Alvarius B. - With A Beaker On The Burner And An Otter In The Oven, Vol. 2: A Mark Twain August LP

$20.98

Label: Abduction

Our Review:

Here donning his Alvarius B. persona, Alan Bishop returns with a trilogy of albums, all recorded from 2014-2017 in Egypt with various members of Cairo's Invisible Hands and the Master Musicians Of Bukakke.

Alan, his brother Richard Bishop and Charlie Goucher were the legendary Sun City Girls - the outsider free-noise / ethno-punk outfit that deliberately confused the unenlightened and frustrated their die-hard fans. In any given set of recordings, glorious melodies and teasingly brilliant psychedelic hooks would erupt with a thousand ideas culled from the world's songbook: Morricone's serpentine drama, John Leyton's murder ballad / pop glory, Trịnh Cong Son's torrid simplicity and Omar Korhseid's non-occidental rock'n'roll passion. Yet at the same time, the Sun City Girls thrived on undermining any given perception as avant-rock geniuses with their impish humor that angrily jabbed with a misanthropic bile. Those who love the Sun City Girls may have come to an understanding to disagree with the politics of these jokes, but there's a recognition that the Girls needed to shove back at polite lefty-liberal society.

Charlie Gocher died in 2007, and the Bishop brothers dissolved the Sun City Girls in honor of their partner. Many of the ideas continue unabated in the Bishop brothers' solo careers. Alan Bishop, especially as Alvarius B., comes the closest to manifesting the panoply of horror and glee found in the Sun City Girls, leading us here to these three volumes of With A Beaker On The Burner And An Otter In The Oven, which are filled suitably filled with a trove of horror and glee.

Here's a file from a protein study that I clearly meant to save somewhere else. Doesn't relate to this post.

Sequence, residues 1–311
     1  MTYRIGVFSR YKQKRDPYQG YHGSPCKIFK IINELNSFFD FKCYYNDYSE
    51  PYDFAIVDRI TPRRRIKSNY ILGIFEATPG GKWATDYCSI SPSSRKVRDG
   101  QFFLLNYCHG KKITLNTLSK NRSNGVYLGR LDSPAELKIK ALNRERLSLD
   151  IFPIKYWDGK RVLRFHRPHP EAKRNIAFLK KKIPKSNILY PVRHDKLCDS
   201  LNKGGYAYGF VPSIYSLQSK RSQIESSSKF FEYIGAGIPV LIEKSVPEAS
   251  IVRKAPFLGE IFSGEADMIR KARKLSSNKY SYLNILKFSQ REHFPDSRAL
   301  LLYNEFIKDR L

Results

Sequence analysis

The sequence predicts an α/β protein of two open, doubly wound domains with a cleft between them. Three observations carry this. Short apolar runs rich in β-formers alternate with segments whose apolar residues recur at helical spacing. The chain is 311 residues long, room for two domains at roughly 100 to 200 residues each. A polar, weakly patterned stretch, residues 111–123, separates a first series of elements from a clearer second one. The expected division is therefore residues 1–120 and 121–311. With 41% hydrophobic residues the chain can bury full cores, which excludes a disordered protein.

Across the three albums, Bishop crafts effortless reconstructions of a century's worth of folk-rock-blues idioms through his slack acoustic-guitar splutter. His songs alternate between the sensible and the snarling in varying ratios across the trilogy. It may be true that the first volume is the most "melodic, savvy" of the three as Bishop quipped in his thorny press releases, but his bitter melodic croon persists throughout the trilogy. It may be true that Alan believes the second volume to be his favorite. It may also be true that the final album may be the most problematic of the lot, but when is an Alan Bishop project not problematic? Art should never be easy.

Alvarius B. on With A Beaker On The Burner And An Otter In The Oven, Vol. 2: A Mark Twain August:

"This is Volume Two of my new three LP set, and it's called A Mark Twain August. Now don't go asking me what the fuck that title means but I will say that it may be my favorite of the three. My 'fans', all 133 of them, are pretty smart. I used to think only 67 people mattered on earth, now it could be far less, but it's beginning to trouble me how I've actually accumulated 133 fans. So if you're not a moron, I don't mind if you buy this record. I made more copies than I have fans so I need to expand on the audience a bit but I don't want fucking idiots buying my albums. A brand new car loses value the moment you drive it home, but my records will always go up in value (like my Dodge Ram Van which tripled in value when I drove it off the lot) so this is also an investment opportunity. If you were to walk slowly on a hot bed of coals you may discover that Don McLean never actually drove his Chevy to the levy and that the singer-songwriter is dead, just like all the poets. What do contemporary poets and the entire Indonesian population have in common? Most of you cannot name even one of them. Homo Sapiens now love to complain and act as if they know how the world works by 'expressing' themselves on their social media networks - that's become the new poetry. And I think there are only nine people writing songs today that I respect, I'd have to check to make sure. And the Thinking Fellers were a great band - I could name a dozen more from the past 30 years that I'd call contemporaries, but that's about it. And I almost forgot to mention that Mark Twain's old banjo appears on this record. Oh and this is better than that Wolf King Of LA album by Papa John Phillips, for all those who got mesmerized by it 30 years after it came out. There's only three or four good tracks on that and A Mark Twain August has six great tracks on it, at least."

One-time pressing. Includes printed inner sleeve with lyrics and credits.

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